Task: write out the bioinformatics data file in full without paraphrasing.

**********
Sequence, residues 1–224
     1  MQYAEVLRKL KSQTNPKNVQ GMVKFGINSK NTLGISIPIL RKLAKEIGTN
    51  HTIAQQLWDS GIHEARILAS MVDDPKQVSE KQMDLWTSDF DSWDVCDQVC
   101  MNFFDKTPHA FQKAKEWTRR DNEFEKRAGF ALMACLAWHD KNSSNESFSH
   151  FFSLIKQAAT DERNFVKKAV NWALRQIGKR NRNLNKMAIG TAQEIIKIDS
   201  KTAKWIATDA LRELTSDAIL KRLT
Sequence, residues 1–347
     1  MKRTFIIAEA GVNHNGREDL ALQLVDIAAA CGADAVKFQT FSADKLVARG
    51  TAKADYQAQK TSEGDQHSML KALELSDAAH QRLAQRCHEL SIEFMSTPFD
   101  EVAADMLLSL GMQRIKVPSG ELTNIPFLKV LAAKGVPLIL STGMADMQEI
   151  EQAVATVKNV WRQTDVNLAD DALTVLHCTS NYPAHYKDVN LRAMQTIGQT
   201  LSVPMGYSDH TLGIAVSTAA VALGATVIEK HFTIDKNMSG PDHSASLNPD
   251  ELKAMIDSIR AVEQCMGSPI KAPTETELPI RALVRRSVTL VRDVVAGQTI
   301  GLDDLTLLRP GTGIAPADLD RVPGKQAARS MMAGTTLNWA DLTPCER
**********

Sequence, residues 1–224
     1  MQYAEVLRKL KSQTNPKNVQ GMVKFGINSK NTLGISIPIL RKLAKEIGTN
    51  HTIAQQLWDS GIHEARILAS MVDDPKQVSE KQMDLWTSDF DSWDVCDQVC
   101  MNFFDKTPHA FQKAKEWTRR DNEFEKRAGF ALMACLAWHD KNSSNESFSH
   151  FFSLIKQAAT DERNFVKKAV NWALRQIGKR NRNLNKMAIG TAQEIIKIDS
   201  KTAKWIATDA LRELTSDAIL KRLT
Sequence, residues 1–347
     1  MKRTFIIAEA GVNHNGREDL ALQLVDIAAA CGADAVKFQT FSADKLVARG
    51  TAKADYQAQK TSEGDQHSML KALELSDAAH QRLAQRCHEL SIEFMSTPFD
   101  EVAADMLLSL GMQRIKVPSG ELTNIPFLKV LAAKGVPLIL STGMADMQEI
   151  EQAVATVKNV WRQTDVNLAD DALTVLHCTS NYPAHYKDVN LRAMQTIGQT
   201  LSVPMGYSDH TLGIAVSTAA VALGATVIEK HFTIDKNMSG PDHSASLNPD
   251  ELKAMIDSIR AVEQCMGSPI KAPTETELPI RALVRRSVTL VRDVVAGQTI
   301  GLDDLTLLRP GTGIAPADLD RVPGKQAARS MMAGTTLNWA DLTPCER